OCD and Pets

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Janet Singer's son Dan suffered from obsessive-compulsive disorder (OCD) so severe he could not even eat. What followed was a journey from seven therapists to ...Read More

My son Dan suffered from obsessive-compulsive disorder so severe he could not even eat, and his anxiety levels were often so high, he could barely function. It would have been ludicrous for me to suggest he try yoga, or meditation, or any other stress reduction technique to help him feel better when, in fact, he could hardly get off the couch.

But he could pet our cats.


Our beautiful cats, Smokey and Ricky, both so lovable with distinct personalities, helped Dan immensely during those dark days. Whether they sat on his lap, curled up near him on the couch, or let him hold them, they allowed him to relax and brought him momentary peace. Sometimes they purred so loudly they sounded like engines revving, and this soothed Dan. Other times they would engage in various cat-like antics, inciting a rare, but oh so cherished laugh from our son.

They didn’t bombard him with questions, asking if he was okay, or if he was hungry, or what was wrong. They were just there with Dan, and for a short time, his focus was diverted from his obsessions and compulsions. Our pets were able to care for Dan in a way the rest of our family could not. An article in the April 15, 2013 issue of Time magazine called “The Mystery of Animal Grief,” explores how animals grieve. I found it fascinating, and no matter how you might interpret the various studies discussed in the article, I think it is hard to argue with the belief that animals do indeed form relationships, and are empathetic. What more does it take to comfort someone?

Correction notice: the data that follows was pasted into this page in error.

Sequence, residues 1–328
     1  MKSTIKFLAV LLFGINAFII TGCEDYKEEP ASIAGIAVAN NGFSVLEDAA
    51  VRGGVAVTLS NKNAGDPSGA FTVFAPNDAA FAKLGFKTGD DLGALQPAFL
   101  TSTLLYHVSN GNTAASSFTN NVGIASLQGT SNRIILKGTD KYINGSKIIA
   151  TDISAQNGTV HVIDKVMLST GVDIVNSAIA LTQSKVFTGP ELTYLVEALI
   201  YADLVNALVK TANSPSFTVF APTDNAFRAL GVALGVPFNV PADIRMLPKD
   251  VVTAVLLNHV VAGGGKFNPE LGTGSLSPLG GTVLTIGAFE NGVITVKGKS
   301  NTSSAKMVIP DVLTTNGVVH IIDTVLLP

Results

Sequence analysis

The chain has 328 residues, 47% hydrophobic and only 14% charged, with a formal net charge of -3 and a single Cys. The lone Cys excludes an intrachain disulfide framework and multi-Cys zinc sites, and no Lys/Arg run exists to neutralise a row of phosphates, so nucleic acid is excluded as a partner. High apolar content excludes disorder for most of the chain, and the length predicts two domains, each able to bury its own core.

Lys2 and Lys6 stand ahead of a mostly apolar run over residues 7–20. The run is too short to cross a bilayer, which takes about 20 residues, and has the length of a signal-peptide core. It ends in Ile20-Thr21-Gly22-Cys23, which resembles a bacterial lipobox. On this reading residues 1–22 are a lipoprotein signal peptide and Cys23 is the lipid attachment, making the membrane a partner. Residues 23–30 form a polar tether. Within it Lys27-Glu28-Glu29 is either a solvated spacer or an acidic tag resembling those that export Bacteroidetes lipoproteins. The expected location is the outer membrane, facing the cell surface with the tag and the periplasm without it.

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For those OCD sufferers who struggle with germs and contamination issues, caring for a pet can elicit many triggers. Cleaning a litter box, letting a dog lick your face, or having to tend to a sick pet are just a few examples of what OCD sufferers might have to deal with. Surprisingly, I have heard from many with OCD who are amazed themselves that these situations do not cause their OCD to spring into action. Could it be that their love for their pets transcends the fear and anxiety of OCD?

When my son moved into his own apartment last year, one of the first things he did was foster a cat from a shelter. He has always been an animal lover, and was looking for a furry friend to keep him company. As he knows, life is full of surprises, and come to find out, his new companion has a host of medical problems and needs to take medication to control her seizures. Instead of returning the cat to the animal shelter (something I very well might have done) he has embraced his role as her caretaker. Whether we have OCD or not, I believe this experience of putting another’s needs ahead of our own is so worthwhile. Focusing outward instead of inward gives us a different perspective on our own lives and challenges.

So it works both ways. We take care of our beloved pets, and they take care of us. Whether our furry friend is a specially trained service dog who can sense an imminent anxiety attack (yes, it’s possible!) or an adored rabbit, pets can benefit us all in countless ways. They require us to slow down our lives, they make us laugh, and they give us unconditional love. And for those who are suffering, they provide the much-needed comfort and serenity that often can’t be found elsewhere.

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